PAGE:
It’s been a year since I wrote about the stupefyingly awful 1970s cookbook Be Bold with Bananas and the banana candle. And the internet responded like this. Since then, the banana candle has taken on a life of its own. (I feel like I should start singing “Now this is the story all about how my life got flipped, turned upside down…”) People still remark on the banana candle on a weekly basis. Because it’s scary. WARNING: Viewing this image may break your brain. Ready? Here it comes.
Tapdancing trilobites! I warned you. It’s so disturbing. The banana candle doesn’t seem like it should exist. It’s like something Balki Bartokomous would present as a national food of Mypos. (I just spelled Balki Bartokomous correctly without looking it up – that itself is scary.) When I die, I imagine people will sing “Banana Candle in the Wind” at my funeral, and there will be an eternal banana candle flame on my headstone.
Recently, Colin Dickey came to Portsmouth to give a reading at RiverRun Bookstore, where I work. He is one of my favorite people. He and I have been talking on the internet for years, but this was the first time we’d met in person. It was so exciting! And he brought me a gift bag…filled with the fixings for a banana candle. CHALLENGE ACCEPTED.
I don’t know why I’ve never attempted to make a banana candle, considering all the attention it got. Maybe I haven’t been ready to face such abject horror. *wrings hands and cries ‘Think of the children!‘*. But now, with all the ingredients right at my fingertips, there was no reason not to put the ‘fruit’ in ‘fruition.’ So I took my magic submarine to the bottom of the ocean, slew the sea dragon that guarded the Cave of Evil, and retrieved the Be Bold with Bananas cookbook from its dark depths. Or I got it off the shelf of one of my bookcases. One of these things is true.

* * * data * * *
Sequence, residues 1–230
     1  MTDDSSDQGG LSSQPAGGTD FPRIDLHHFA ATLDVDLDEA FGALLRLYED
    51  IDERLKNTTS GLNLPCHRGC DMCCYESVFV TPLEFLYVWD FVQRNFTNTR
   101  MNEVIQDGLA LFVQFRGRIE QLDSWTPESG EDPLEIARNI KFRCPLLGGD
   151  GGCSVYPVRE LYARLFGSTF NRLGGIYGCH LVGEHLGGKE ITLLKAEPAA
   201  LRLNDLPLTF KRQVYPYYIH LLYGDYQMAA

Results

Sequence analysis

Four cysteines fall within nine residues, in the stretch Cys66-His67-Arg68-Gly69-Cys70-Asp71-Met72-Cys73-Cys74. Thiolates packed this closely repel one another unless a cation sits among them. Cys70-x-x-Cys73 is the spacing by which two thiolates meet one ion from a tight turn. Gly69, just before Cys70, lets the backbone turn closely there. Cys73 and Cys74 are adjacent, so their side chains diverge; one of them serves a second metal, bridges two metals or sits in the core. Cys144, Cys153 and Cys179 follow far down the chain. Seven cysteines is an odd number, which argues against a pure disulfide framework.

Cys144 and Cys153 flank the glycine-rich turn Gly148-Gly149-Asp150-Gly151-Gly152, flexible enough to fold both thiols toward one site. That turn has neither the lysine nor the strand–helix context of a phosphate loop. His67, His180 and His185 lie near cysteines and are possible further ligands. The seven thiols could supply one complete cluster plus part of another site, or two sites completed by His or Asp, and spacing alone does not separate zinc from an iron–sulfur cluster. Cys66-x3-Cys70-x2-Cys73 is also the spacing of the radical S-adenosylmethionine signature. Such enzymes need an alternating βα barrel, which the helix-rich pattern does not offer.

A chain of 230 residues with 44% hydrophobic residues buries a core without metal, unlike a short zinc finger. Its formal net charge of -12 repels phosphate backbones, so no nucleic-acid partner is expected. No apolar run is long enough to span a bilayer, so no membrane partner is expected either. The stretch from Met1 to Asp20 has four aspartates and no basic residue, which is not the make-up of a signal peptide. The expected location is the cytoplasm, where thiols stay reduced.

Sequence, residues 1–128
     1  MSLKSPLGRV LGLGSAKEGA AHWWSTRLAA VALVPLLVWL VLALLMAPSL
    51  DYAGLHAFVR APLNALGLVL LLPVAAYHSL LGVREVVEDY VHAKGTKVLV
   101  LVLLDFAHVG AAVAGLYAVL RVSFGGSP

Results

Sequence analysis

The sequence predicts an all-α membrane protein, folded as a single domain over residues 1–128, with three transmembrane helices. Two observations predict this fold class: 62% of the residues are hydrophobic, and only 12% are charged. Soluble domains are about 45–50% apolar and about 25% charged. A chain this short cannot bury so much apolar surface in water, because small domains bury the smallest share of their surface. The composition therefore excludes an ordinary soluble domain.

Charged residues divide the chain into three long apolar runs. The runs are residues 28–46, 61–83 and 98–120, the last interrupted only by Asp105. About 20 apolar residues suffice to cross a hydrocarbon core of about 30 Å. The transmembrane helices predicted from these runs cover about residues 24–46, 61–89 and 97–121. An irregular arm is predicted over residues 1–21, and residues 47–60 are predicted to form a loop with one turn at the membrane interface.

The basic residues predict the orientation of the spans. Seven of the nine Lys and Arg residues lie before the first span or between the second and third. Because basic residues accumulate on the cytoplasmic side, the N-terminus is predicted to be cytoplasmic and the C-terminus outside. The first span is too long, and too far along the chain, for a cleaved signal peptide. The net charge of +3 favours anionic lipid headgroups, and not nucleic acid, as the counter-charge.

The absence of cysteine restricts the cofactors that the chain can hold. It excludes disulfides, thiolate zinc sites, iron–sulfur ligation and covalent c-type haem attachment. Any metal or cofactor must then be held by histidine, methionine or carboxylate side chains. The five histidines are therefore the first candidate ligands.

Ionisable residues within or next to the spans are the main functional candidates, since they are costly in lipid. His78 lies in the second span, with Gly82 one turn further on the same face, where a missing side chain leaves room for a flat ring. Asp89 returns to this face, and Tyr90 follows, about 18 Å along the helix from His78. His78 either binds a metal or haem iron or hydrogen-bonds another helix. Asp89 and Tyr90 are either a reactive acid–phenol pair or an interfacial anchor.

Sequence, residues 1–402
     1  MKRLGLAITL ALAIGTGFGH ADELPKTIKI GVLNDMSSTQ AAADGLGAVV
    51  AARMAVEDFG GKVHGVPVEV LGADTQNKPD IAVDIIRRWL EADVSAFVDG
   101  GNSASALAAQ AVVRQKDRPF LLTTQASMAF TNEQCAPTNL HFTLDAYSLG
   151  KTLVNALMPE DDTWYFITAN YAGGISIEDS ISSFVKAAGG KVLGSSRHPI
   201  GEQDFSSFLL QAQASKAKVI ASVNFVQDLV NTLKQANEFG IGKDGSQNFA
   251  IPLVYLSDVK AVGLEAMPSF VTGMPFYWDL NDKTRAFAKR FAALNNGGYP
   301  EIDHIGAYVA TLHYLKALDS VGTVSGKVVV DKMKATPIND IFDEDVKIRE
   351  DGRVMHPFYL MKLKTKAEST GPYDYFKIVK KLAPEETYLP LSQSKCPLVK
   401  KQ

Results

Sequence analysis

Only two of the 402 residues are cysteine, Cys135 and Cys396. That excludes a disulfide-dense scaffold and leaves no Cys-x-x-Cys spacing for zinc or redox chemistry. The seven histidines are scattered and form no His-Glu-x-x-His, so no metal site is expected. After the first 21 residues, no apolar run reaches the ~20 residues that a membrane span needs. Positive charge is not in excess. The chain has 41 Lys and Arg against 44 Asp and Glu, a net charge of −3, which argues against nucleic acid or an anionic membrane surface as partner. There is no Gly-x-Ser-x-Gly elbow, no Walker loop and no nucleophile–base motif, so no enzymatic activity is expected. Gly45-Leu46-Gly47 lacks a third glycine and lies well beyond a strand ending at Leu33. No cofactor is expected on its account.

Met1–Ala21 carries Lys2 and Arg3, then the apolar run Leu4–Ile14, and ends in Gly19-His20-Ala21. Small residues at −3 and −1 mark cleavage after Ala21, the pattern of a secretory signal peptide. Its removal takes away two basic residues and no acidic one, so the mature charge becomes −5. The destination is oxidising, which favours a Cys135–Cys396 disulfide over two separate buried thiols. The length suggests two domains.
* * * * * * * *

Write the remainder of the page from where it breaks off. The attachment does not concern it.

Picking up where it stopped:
First, I set up all the ingredients in my office, so that if I started making a banana candle and accidentally summoned Satan instead, my coworkers could call for help.
The bananas that Colin brought were all too big to fit in the hole in the pineapple slice – paging Dr. Freud – so I had to run to the store and get a smaller one. To begin, the recipe tells you to halve the banana and soak it in lemon juice. I didn’t have any lemon juice on hand, but I did anoint it with my tears of horror, so there’s that. I also didn’t have any lettuce greens to put under the candle, like they show in the cookbook, so I used a green plate instead. I’ve got mad improvisational skills, yo.
Next, you’re supposed to drip mayonnaise down the sides to represent melted wax. Um, wait – drip? I held a spoonful of mayonnaise over the banana, and it clung to the spoon like a baby howler monkey to its mama.
“Maybe mayonnaise was made of different stuff back in the 70s,” suggested my coworker.
Maybe. It was probably made with eggs and cocaine cut with baby powder. The stuff I was trying to use was the offspring of petroleum jelly and molasses. I’m pretty sure Brangelina’s kids would all graduate from college before this mayonnaise dripped. So I tried microwaving it for ten seconds to soften it up.
THAT’S another image I didn’t need in my head.
In the end, I just smeared the mayonnaise around. Then, following the instructions, I cut a maraschino cherry in half and stuck it on the top to represent the flame. It looked like a Lee Press-On Nail. But, voila – a banana candle!
Okay, so it’s the Charlie Brown Christmas tree of banana candles, but still. I made one! (Wow, TWO Fresh Prince references in one post. I need mental help.)
I think it looks like Lady Gaga dressed as Hello Kitty:
And the mayonnaise kinda looks like Donald Trump on a breezy day:
Also, I learned you should only view it from head-on. Otherwise, it looks like I ripped the thumb off a female Yeti.
So, when I was finished, did I eat the banana candle? HELLS NO. Gross. I will only suffer so much for my art, people.